It is easy to understand that the drawback lies in the fact that it is necessary to remove or to mask the mirror during reading to read the interference patterns. The technical problem presented is thus the problem of reading or of detecting interference patterns in a holographic mass storage device.
US 2002/150022 discloses using ultra-short pulses for recording information at a determined depth in the thickness of the material. The delay between two counter-propagating pulses defines the depth of recording. Interference patterns are used therein during the method for recording the information, but never during the method for reading the information. In that system, a mirror is present under a light-sensitive medium. That mirror (with the quarter-wave plate) has polarization properties so as to avoid mixing the beam reflected by the mirror with the same beams that encode the data that is read.
US 2003/165746 discloses a structure of a recording medium and a method for writing data on that medium.
EP 1 324 322 discloses the fact that, during writing, a reference beam reflected by a mirror is sent in a direction different from the direction of the reconstructed signal.
None of those publications discloses a step of reading data by homodyne detection.
We provide a method for reading data recorded in a holographic material in the form of a hologram obtained by interference of two rays of substantially the same wavelength, and using at least one reflecting layer, including emitting a light comprising at least said wavelength at the holographic material comprising the hologram, and performing a homodyne detection between the signal from the light diffracted by the hologram, and at least one signal from the signal reflected by the at least one reflecting layer and the signal transmitted by the at least one reflecting layer.
Our devices can be better understood with reference to the following figures which are given by way of illustration and in which:
FIG. 1 schematically shows a prior art method for reading information recorded in the form of a hologram;
FIG. 2 schematically shows our method for reading;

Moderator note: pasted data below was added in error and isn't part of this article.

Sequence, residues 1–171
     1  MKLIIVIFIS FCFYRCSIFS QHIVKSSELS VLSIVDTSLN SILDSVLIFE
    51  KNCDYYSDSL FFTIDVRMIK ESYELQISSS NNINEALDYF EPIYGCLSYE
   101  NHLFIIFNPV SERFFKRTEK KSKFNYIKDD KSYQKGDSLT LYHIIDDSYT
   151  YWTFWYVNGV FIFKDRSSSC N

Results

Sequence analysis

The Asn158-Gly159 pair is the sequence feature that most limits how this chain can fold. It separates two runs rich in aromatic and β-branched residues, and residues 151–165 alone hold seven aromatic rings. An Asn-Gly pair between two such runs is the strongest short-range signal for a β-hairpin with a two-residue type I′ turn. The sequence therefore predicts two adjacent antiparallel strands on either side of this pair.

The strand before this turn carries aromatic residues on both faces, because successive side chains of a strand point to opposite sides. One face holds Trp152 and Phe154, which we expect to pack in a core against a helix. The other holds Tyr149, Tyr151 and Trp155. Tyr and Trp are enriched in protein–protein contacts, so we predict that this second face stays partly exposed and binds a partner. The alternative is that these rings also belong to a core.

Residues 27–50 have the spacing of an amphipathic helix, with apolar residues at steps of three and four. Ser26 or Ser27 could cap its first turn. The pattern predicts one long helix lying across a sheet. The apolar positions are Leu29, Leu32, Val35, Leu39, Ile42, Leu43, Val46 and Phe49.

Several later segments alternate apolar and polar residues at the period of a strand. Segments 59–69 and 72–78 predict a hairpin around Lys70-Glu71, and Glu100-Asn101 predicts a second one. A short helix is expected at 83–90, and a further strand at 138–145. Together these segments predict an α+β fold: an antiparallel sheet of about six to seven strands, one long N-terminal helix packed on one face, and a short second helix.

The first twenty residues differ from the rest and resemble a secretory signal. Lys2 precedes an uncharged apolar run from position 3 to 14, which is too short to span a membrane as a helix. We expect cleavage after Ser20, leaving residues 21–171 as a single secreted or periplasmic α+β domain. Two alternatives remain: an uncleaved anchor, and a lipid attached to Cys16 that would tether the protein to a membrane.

FIG. 3 shows the calculation of the signal detected by homodyne detection;
FIG. 4 shows a signal obtained for recording in a purely non-local material;
FIG. 5 shows a signal obtained for recording in a purely local material; and
FIG. 6 shows recording bit-by-bit in Lippmann discs.
We provide a method for reading data recorded in a holographic material in the form of a hologram obtained by interference of two beams of substantially the same wavelength, and using at least one reflecting layer, comprising:
Advantageously, the homodyne detection is performed differentially by using the reflected signal and the transmitted signal.
Advantageously, a birefringent phase plate placed between the holographic medium and the mirror makes it possible to optimize the operating point of the homodyne detection by means of a change in polarization of the read beam relative to the polarization of the write beam.
Advantageously, a birefringent phase plate placed between the holographic medium and the mirror makes it possible, by a change in polarization of the read beam relative to the write beam, to perform the homodyne detection differentially between the two polarization components of the transmitted and/or reflected beams.
We also provide a mass storage device comprising at least one holographic material for inscribing data bit-by-bit by generating a hologram, and at least one reflecting layer, the mass storage device being characterized in that the reflecting layer reflects the read signals during the read stages during which the recorded data is read.